V
2
Q
1
A
t
Q
2
(3)
The two inlet volume flows are
Q
1
A
1
V
1
1
4
(
1
1
2
ft)
2
(3 ft/s)
0.016 ft
3
/s
Q
2
A
2
V
2
1
4
(
1
3
2
ft)
2
(2 ft/s)
0.098 ft
3
/s
Then, from Eq. (3),
d
d
h
t
0.057 ft/s
Ans
.
(b)
Suggestion:
Repeat this problem with the top of the tank open.
An illustration of a mass balance with a deforming control volume has already been
given in Example 3.2.
The control-volume mass relations, Eq. (3.20) or (3.21), are fundamental to all fluid-
flow analyses. They involve only velocity and density. Vector directions are of no con-
sequence except to determine the normal velocity at the surface and hence whether the
flow is
in
or
out
. Although your specific analysis may concern forces or moments or
energy, you must always make sure that mass is balanced as part of the analysis; oth-
erwise the results will be unrealistic and probably rotten. We shall see in the examples
which follow how mass conservation is constantly checked in performing an analysis
of other fluid properties.
In Newton
’
s law, Eq. (3.2), the property being differentiated is the linear momentum
m
V
. Therefore our dummy variable is
B
m
V
and
d
B
/
dm
V
, and application
of the Reynolds transport theorem gives the linear-momentum relation for a deformable
control volume
d
d
t
(
m
V
)
syst
F
d
d
t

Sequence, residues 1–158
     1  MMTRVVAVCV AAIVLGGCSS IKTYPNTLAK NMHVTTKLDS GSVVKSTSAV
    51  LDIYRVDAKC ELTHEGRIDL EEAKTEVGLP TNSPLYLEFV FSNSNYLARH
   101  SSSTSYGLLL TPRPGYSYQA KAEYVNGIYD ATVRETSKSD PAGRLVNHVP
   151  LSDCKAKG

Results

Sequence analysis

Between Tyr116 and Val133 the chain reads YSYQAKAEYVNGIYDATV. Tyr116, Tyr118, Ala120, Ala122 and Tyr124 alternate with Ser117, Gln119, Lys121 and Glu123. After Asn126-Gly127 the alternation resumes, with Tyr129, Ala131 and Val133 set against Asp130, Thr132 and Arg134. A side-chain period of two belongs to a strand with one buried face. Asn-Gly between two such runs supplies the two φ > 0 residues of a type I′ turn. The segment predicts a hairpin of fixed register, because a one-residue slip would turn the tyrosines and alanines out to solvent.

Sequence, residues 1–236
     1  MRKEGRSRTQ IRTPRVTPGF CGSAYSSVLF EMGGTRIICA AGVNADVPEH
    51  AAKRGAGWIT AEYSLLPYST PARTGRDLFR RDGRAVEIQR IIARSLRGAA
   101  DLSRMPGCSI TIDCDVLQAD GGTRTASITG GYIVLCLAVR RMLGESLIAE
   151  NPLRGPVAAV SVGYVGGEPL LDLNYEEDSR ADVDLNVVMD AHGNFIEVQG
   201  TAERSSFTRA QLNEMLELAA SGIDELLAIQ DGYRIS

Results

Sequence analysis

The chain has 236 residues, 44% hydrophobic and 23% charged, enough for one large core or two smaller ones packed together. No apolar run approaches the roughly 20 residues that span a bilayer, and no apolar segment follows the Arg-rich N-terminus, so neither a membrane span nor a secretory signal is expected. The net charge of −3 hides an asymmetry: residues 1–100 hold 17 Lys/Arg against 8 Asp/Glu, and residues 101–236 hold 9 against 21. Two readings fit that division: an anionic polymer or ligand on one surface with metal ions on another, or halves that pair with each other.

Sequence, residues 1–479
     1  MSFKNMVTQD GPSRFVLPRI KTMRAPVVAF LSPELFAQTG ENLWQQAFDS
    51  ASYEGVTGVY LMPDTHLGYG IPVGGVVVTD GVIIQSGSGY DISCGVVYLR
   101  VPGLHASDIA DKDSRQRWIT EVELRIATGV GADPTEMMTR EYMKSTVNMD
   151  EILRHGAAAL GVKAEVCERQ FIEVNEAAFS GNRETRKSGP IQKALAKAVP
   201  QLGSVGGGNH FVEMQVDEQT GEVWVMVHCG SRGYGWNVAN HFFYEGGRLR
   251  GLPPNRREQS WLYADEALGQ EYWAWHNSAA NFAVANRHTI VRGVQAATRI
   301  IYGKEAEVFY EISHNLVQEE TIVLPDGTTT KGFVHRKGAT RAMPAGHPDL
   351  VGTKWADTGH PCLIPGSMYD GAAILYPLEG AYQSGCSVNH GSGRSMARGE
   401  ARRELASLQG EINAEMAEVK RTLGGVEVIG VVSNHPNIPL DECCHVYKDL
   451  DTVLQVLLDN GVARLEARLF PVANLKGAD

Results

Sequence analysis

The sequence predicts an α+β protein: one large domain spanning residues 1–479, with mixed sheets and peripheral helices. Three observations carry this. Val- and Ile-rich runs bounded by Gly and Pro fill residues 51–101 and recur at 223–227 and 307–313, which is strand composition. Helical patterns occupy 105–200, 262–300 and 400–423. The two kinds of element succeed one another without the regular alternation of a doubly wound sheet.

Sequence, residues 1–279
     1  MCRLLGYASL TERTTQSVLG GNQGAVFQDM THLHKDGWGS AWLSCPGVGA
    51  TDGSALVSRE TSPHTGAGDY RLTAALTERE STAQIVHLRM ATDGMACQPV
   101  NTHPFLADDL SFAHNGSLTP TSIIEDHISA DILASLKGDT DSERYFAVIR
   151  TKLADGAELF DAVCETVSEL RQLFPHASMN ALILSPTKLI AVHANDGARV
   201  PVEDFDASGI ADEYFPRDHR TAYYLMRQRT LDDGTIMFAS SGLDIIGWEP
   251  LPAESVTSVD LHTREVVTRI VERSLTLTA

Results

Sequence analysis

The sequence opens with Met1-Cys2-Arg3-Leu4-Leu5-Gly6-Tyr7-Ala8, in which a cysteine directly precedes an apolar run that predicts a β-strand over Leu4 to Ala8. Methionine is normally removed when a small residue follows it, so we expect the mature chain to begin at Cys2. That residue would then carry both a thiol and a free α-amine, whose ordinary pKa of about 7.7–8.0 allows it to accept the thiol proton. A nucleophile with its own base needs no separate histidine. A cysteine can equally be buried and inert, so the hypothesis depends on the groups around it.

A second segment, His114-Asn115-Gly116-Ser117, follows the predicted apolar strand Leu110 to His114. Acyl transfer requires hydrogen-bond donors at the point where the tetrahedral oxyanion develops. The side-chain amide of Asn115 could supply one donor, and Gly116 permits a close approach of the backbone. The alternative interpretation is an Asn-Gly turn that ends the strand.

CV
V
d
CS
V
(
V
r
n
)
dA
(3.35)
The following points concerning this relation should be strongly emphasized:
1.
The term
V
is the fluid velocity relative to an
inertial
(nonaccelerating) coordi-
nate system; otherwise Newton
’
s law must be modified to include noninertial
relative-acceleration terms (see the end of this section).
2.
The term
F
is the
vector
sum of all forces acting on the control-volume mate-
rial considered as a free body; i.e., it includes surface forces on all fluids and
(0.016
0.098) ft
3
/s
2 ft
2
146
Chapter 3
Integral Relations for a Control Volume

One-Dimensional Momentum
Flux
Net Pressure Force on a Closed
Control Surface
solids cut by the control surface plus all body forces (gravity and electromag-
netic) acting on the masses within the control volume.
3.
The entire equation is a vector relation; both the integrals are vectors due to the
term
V
in the integrands. The equation thus has three components. If we want
only, say, the
x
component, the equation reduces to
F
x
d
d
t
CV
u
d
CS
u
(
V
r
n
)
dA
(3.36)
and similarly,
F
y
and
F
z
would involve
v
and
w
, respectively. Failure to ac-
count for the vector nature of the linear-momentum relation (3.35) is probably the
greatest source of student error in control-volume analyses.
For a fixed control volume, the relative velocity
V
r
V
, and
F
d
d
t
CV
V
d
CS
V
(
V
n
)
dA
(3.37)
Again we stress that this is a vector relation and that
V
must be an inertial-frame ve-
locity. Most of the momentum analyses in this text are concerned with Eq. (3.37).
By analogy with the term
mass flow
used in Eq. (3.28), the surface integral in Eq.

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- Fall '16
- Prof. A. Dasgupta
- Fluid Dynamics, Fig